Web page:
As such, incorporating music effectively in your workplace can mean ensuring that the right tune is playing at the right time, or making it space dependent. To take an example, the customer service team at the front end of a restaurant might benefit better for ambient, simple music, while the chef’s team in the back could use complex, up-tempo music to improve concentration and engagement with their work.
Bringing belonging to the work environment
Familiarity with the music that’s being played is also suggested to have a role to play in determining how effective it is at increasing mood and focus, as well. Unfamiliar music can be more of a distraction than anything, as employees may strain to better make out the music and to actively listen to it rather than to simply let it play while they work.
Some studies have shown that employees have a better reaction to music that they have personally picked to be played in the workplace. This could, in part, be down to the fact that they appreciate being able to contribute to their own work environment. There is undoubtedly a greater positive effect on mood from music that we recognise and know that we already like, as well.
However, regardless of who makes the playlist, there is evidence to suggest that familiarity is a net positive. As such, workplaces that have consistent approaches to music could be better for productivity and mood than workplaces that are constantly trying something different.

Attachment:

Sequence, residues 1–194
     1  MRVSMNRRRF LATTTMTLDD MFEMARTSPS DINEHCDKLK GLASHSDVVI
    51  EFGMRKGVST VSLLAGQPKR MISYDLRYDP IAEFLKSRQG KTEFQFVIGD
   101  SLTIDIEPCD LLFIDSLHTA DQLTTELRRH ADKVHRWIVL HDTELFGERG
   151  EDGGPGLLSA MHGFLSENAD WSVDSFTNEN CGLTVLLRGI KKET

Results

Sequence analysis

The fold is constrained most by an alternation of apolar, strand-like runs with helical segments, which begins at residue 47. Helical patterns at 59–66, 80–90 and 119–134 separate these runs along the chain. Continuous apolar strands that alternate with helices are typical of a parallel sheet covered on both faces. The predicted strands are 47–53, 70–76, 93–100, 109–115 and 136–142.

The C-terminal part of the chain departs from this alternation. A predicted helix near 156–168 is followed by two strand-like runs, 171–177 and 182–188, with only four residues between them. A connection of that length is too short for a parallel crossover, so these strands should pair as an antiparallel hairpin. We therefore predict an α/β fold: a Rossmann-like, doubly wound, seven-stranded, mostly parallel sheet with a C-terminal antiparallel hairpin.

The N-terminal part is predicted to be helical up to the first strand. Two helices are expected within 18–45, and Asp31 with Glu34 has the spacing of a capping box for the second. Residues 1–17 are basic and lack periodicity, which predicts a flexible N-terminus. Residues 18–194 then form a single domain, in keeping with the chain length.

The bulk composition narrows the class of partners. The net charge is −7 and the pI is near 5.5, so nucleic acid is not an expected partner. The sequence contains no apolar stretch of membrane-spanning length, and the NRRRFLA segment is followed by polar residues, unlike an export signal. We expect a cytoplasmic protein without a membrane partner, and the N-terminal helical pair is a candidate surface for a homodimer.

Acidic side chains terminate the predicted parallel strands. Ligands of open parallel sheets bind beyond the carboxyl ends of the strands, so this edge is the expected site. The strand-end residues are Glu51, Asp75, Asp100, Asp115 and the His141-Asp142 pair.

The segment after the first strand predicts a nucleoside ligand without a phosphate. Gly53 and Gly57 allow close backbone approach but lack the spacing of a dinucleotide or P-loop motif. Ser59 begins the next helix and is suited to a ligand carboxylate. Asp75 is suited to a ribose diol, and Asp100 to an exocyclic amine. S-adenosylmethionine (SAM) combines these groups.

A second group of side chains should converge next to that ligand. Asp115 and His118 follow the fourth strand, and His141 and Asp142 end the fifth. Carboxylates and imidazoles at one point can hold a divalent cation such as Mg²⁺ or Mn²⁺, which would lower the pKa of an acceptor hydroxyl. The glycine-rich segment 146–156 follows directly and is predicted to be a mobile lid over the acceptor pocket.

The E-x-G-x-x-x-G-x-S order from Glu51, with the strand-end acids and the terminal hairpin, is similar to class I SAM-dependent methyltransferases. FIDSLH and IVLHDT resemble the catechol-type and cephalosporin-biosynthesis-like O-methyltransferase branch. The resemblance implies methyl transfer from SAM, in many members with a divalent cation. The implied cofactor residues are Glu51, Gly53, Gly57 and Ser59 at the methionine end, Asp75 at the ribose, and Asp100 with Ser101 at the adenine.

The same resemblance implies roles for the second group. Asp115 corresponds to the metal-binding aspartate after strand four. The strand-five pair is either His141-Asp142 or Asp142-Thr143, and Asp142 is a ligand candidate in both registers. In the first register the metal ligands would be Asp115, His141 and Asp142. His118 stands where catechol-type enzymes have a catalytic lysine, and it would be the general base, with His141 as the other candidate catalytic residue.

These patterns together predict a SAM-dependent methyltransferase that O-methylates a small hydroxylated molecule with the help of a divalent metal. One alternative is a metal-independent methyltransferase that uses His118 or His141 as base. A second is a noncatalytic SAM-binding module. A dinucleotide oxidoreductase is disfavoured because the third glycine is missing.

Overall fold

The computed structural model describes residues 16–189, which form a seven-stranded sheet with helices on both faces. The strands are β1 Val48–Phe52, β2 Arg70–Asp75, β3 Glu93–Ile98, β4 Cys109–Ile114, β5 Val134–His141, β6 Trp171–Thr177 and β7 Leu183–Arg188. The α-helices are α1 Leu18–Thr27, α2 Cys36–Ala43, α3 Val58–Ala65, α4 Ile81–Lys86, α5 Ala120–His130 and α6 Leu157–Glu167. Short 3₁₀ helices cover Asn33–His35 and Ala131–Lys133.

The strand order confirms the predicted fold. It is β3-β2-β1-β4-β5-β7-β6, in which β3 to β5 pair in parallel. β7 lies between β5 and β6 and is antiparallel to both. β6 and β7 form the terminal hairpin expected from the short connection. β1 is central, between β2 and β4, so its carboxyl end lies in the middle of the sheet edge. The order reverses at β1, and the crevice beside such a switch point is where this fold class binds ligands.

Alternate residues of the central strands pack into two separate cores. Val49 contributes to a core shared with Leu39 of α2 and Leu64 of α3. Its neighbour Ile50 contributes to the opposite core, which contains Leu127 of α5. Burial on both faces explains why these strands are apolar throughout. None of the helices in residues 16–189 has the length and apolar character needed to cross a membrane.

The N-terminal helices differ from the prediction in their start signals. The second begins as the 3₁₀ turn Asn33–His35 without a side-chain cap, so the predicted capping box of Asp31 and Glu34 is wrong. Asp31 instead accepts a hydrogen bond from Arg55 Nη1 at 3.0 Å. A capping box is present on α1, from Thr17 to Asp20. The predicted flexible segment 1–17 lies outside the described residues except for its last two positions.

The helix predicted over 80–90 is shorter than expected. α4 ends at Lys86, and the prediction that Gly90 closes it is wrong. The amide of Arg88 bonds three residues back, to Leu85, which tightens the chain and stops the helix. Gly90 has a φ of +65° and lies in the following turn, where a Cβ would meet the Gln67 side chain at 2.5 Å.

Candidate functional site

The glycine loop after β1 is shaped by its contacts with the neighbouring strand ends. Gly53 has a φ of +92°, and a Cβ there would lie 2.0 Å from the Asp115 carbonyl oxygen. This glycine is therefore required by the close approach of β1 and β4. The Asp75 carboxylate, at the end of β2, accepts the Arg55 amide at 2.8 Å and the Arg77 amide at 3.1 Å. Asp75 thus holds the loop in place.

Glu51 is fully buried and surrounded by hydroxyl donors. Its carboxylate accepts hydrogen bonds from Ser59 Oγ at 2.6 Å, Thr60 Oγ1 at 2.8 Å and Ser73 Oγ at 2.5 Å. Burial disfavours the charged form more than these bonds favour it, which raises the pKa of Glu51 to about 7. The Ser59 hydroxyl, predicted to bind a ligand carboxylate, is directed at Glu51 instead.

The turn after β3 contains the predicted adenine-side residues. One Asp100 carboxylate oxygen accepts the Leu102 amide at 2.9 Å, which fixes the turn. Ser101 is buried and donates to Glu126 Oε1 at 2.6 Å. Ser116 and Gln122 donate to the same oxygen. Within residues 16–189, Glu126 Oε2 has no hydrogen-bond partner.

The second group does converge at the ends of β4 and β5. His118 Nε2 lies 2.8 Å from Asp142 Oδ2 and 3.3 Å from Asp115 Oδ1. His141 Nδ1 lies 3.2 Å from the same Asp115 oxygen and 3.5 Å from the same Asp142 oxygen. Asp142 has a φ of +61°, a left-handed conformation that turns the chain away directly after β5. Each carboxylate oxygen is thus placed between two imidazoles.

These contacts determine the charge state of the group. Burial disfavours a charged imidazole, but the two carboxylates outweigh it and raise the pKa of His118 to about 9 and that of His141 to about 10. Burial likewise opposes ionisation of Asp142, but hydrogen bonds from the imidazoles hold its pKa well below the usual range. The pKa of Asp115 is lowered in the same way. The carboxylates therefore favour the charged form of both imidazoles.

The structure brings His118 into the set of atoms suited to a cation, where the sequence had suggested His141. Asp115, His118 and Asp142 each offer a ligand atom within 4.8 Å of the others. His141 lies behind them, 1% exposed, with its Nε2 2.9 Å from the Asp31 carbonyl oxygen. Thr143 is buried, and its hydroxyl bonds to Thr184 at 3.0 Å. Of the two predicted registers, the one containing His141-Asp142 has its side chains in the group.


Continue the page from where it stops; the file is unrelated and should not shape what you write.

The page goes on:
The perception of the workplace
Music not only influences our mood directly, but it also influences how we see other people. Studies have shown that interacting with others or being around others while listening to happy, upbeat music can create a perception of those people being happier. Similarly, being around them while listening to sad music can create the perception of them being sad.
As such, music can be used to create a greater sense of shared enjoyment in the workplace, making the overall environment seem like a more positive place. Not only can it affect how your team sees their workplace, but it’s an important part of brand perception for customers and clients who are visiting, as well.
Music creates social spaces
Using different music in different spaces of the workplace can have great effect on stress and mood, too. While you might have a series of playlists for improving productivity, allowing your team to play their own music with a radio of Bluetooth speaker in the break room can be much more effective for creating a more friendly, welcoming space when they’re away from their work. Music helps us socialise, breaking the tension of silence and enable mutual appreciation. Music in the break room can have a positive effect on interpersonal relationships at work.
The research behind the concepts above is still ongoing, and it can be difficult to know the specific effects that music has on the brain, especially since it’s subjective and different types of music affect people differently. However, all the research available night now is consistent in suggesting the positive impact it can have on mood, stress relief, productivity, focus, and perception. It might be time to think about how you use music in your workplace.